Performance Reviews are seen as one of those necessary evils that are sometimes seen as the metric by which bonus compensations are best paid out. I.e., what level of objectives did I meet that made earning this bonus relevant.
This is a very tricky scenario because constant changing business conditions can throw the most adaptable performance review plans a curve ball making their content and criteria for compensation irrelevant. But the fault for performance reviews do not lay solely with an organization (the Reviewer) but can also lay with the person receiving the review as well (the Reviewee). There are those that believe when they sign onto an organization that their bonus is expected – I clock in, I do my work, I receive my bonus – regardless of my review.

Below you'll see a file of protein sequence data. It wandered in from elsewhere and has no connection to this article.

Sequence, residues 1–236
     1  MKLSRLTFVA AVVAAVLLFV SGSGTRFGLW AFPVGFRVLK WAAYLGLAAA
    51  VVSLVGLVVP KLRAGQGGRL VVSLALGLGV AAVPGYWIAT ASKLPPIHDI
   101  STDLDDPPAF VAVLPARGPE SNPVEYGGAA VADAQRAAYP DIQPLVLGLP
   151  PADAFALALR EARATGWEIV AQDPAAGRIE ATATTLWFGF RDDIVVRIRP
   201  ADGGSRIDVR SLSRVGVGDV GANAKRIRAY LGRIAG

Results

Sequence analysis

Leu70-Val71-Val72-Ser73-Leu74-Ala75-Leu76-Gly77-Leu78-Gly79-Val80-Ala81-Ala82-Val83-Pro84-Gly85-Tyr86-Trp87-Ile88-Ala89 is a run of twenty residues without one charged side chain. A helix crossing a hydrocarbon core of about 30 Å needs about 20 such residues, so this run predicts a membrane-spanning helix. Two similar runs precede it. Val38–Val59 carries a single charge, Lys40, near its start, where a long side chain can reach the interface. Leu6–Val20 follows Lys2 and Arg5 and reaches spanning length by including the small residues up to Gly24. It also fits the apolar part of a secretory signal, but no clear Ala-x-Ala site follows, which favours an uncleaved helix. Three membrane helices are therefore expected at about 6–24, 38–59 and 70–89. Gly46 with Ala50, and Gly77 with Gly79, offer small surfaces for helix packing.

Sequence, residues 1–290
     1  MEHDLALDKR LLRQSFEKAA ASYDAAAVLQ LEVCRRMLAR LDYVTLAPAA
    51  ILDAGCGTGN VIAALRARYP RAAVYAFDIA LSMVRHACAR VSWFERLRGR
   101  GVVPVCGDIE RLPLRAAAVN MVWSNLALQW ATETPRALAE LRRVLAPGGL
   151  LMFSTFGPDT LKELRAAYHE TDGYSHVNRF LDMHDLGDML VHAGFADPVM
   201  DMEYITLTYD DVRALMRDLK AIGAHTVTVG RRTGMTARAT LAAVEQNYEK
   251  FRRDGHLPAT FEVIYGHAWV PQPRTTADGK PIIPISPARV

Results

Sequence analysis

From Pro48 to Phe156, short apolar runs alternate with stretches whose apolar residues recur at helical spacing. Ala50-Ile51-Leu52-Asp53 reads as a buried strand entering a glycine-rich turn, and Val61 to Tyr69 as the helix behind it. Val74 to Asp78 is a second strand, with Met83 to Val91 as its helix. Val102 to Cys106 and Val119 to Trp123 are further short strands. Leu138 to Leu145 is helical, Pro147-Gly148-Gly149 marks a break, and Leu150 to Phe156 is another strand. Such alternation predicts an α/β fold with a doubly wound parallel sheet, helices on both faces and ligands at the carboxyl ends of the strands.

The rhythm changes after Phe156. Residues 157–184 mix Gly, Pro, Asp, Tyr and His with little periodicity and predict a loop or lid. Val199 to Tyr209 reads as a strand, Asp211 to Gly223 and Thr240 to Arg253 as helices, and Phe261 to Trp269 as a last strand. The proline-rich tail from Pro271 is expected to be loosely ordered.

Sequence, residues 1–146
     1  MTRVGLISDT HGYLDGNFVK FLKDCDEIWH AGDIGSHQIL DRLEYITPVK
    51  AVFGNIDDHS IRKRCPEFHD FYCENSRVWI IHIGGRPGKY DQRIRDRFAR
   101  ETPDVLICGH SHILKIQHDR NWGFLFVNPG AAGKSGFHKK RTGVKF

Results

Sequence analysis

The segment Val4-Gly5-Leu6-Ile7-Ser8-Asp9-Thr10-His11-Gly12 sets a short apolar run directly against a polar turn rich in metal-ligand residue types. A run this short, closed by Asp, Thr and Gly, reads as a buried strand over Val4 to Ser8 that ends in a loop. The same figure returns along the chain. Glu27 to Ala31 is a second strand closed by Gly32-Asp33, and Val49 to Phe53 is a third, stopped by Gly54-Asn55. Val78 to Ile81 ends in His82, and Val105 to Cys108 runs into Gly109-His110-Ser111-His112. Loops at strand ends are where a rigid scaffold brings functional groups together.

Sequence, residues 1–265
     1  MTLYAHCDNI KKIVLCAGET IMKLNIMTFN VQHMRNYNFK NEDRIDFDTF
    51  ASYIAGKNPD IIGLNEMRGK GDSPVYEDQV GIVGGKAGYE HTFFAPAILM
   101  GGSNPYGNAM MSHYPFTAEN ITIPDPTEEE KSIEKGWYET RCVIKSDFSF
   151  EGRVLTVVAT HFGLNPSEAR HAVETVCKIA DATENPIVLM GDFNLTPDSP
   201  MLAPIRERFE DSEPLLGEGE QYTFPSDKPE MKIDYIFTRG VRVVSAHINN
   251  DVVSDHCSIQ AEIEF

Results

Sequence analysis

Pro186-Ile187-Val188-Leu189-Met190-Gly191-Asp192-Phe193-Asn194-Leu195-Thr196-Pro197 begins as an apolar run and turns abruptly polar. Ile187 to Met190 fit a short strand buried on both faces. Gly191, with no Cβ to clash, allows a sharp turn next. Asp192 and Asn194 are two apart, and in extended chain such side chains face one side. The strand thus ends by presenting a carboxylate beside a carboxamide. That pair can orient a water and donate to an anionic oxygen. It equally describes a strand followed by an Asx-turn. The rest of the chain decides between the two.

And this could not be further from the truth.
If we were separate out all the financial inner-workings behind a Performance Review, we are left with a program that should seek to create a program wherein the Reviewee grows not by the current set upon standard but rather by their own that they define, one where the Reviewer is much more highly engaged in helping this individual grow in their career and not as someone really performing the review, but guiding them on this journey.
I’ve encompassed my thoughts on both sides of this program in the following SlideShare – a little lengthier than my normal fair.